The 13 years of measuring South Africa’s logistics costs included measurements of international trade logistics costs within South Africa, i.e. up to the quay wall landside for exports and from the quay wall landside for imports. Port costs and ocean carrier costs to foreign ports were excluded and it was therefore always a domestic cost measurement. The work was recently expanded to include these aspects.

The impact of international trade logistics costs (ITLC) on national logistics costs is depicted in Figure 8. The country’s total ITLC (up to and from foreign port gates) is R242 billion or 11.7% of trade GDP (i.e. the value of all traded commodities, amounting to R2 061 billion). Only 9.5% (R23.1bn) of these ITLC are paid directly to ports (port authority and port terminal charges).

This means that direct port costs are only 1.1% of the value of trade. As a direct result of South Africa’s spatial challenges, the highest portion of these costs is the inland logistics, being 41.8% (R101.1bn). That is because our centres of production and consumption are far from ports. Given South Africa’s distance from global markets, the contribution of ocean carrier costs is also significant, at 39.2% (R94.9bn).

The costs, up to the point when ships leave port gates or arrive in front of port gates, amount to close to R46bn (port charges, documentation charges and ship standing costs) (‘Other’ is composed of truck standing costs and inventory carrying costs, which is negligible). About half (50.3%, R23.1bn) of these costs are paid to the port authority and terminal operators. The rest is additional costs caused by documentation and additional transport costs due to the delay of ships in front of and in the port. Of the R22.8 billion (R16.8bn + R0.77bn + R5.2bn) remaining additional costs, around three quarters (73.7%) are documentation charges.

Only 3% is because trucks are delayed before and in the port and just under a quarter (22.8%) because ships are delayed in front of and in the port. A very small cost is also incurred for the financing of delayed inventory (ICC). Significantly though, these other port-related charges are more or less equal to the direct port charges. More significant is the fact that most of these charges are documentation charges or relates to what the World Bank perceives as the ease of doing business. (Please note that in this research, delay also includes “normal” turnaround time (i.e. it is impossible to turn trucks and ships around in no time), but it can always be improved. The data indicates the baseline number from which it can be improved.)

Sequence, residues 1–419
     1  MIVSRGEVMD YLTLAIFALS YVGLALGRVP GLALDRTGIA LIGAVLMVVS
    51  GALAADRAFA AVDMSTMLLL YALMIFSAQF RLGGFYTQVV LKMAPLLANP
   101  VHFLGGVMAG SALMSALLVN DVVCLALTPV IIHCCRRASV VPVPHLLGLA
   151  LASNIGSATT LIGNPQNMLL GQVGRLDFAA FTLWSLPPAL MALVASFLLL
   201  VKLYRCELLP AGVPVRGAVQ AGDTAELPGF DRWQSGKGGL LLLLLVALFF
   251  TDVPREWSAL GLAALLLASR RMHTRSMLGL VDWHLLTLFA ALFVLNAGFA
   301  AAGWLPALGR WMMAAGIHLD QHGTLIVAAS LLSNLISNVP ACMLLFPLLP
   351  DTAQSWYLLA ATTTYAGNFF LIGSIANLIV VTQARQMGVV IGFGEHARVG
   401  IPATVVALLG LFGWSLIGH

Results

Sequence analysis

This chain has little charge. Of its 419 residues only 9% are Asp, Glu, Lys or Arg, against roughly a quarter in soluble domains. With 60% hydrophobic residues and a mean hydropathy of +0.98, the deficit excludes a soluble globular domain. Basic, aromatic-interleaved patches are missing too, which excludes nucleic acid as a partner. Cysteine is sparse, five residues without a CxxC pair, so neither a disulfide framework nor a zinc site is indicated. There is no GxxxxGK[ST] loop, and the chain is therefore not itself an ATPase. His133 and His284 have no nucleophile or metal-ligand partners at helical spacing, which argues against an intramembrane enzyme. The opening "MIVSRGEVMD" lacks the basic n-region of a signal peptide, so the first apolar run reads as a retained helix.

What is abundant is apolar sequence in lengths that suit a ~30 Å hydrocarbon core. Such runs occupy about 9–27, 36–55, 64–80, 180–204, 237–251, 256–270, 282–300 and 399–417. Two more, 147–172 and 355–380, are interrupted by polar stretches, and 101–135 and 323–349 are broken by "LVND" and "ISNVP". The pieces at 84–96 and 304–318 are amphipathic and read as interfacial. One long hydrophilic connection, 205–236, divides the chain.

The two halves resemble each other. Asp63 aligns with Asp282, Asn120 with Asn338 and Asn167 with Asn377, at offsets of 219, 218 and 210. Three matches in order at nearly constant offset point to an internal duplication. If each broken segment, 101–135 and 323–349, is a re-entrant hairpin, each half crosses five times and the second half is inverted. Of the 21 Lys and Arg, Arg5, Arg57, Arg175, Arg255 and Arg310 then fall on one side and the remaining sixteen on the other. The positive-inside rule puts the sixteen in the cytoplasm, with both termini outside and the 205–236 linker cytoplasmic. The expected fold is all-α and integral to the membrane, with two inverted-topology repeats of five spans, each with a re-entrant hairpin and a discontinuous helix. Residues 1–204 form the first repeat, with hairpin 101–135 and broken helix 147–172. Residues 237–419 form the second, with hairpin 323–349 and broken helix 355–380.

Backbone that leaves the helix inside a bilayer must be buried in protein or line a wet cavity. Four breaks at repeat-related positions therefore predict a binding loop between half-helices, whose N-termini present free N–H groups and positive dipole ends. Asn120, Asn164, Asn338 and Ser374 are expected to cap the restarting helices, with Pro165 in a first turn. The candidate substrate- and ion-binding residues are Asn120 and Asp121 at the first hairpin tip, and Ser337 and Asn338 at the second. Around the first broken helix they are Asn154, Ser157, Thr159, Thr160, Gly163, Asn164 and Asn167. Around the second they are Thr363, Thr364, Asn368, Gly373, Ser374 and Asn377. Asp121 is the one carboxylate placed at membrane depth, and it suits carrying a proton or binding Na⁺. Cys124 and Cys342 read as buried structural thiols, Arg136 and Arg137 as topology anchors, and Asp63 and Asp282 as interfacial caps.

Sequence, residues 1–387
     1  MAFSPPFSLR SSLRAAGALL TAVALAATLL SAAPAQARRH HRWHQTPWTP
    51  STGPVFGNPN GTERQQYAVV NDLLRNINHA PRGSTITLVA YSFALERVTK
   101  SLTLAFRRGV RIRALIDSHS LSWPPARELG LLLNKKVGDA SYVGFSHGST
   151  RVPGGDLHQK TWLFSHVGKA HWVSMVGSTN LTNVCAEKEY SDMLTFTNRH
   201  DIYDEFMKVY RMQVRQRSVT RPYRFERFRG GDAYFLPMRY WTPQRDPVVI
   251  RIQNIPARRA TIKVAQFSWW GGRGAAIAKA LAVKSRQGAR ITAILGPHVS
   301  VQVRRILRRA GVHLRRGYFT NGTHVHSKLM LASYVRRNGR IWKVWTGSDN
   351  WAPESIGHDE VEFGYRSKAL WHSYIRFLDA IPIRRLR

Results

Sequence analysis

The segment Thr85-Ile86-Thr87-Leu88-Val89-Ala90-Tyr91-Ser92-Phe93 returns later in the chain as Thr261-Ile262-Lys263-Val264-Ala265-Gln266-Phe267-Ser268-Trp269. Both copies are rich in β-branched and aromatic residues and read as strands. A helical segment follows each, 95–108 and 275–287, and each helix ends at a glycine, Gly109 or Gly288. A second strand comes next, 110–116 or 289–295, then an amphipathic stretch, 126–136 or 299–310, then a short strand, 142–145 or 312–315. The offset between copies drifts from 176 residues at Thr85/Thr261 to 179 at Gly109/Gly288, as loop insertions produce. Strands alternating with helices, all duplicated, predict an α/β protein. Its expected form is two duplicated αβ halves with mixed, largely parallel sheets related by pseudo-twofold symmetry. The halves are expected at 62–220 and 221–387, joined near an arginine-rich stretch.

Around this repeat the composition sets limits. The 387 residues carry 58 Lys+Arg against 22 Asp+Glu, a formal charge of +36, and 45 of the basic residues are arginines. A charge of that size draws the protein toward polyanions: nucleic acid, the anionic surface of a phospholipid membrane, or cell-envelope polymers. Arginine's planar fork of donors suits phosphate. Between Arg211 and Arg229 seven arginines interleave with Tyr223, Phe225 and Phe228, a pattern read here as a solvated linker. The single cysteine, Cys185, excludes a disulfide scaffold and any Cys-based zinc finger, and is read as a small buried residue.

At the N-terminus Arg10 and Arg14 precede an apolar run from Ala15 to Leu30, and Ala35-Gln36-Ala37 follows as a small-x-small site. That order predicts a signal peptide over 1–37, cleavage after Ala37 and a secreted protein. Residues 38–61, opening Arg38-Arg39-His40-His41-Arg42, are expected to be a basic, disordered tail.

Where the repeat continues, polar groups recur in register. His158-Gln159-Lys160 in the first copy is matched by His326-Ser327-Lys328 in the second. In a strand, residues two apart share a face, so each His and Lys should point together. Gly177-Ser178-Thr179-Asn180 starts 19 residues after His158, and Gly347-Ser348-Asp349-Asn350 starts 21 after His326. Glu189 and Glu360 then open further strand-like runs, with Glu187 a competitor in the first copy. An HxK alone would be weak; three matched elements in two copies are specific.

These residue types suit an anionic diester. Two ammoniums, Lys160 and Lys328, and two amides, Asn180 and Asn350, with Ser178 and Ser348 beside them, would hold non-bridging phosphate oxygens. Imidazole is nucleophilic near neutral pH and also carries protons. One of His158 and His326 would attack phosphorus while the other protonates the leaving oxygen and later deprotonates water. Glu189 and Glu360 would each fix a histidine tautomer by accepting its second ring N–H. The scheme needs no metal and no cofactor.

Transport costs are the dominant contributor towards logistics costs, amounting to 57% of the total in 2014, followed by inventory carrying costs (15.2%), warehousing (14.6%) and management & administration costs (13.5%).

The contribution of transport costs to total logistics costs is expected to decline to 55% in 2016 mainly due to lower fuel prices (fuel costs made up 40% of road transport costs in 2014). This is the lowest contribution level it has reached since 2010.

Transport costs showed a moderate increase of 3.7% between 2013 and 2014, still driven by efficiency gains from logistics service providers.

The trade-off was that inventory carrying costs increased by 21.8% between 2013 and 2014. The increase in the prime interest rate from 9.0% at the start of 2014 to 9.25% at year-end, compared to 8.5% in 2013, contributed to the higher inventory carrying costs, but external factors such as economic uncertainty and a volatile currency have led to increased inventory levels and are forecasted to have the same effect in 2016.

On the back of these higher inventory levels, warehousing costs (which include storage and handling costs) increased by 12.1% between 2013 and 2014, following on nominal growth the previous two years, and is estimated to have grown above inflation in 2015.

Road transport contributed 83% to transport costs in 2014, rail tariffs contributed 15% and pipeline tariffs contributed 2%.

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Logistics Barometer South Africa 2016

28 Oct 2016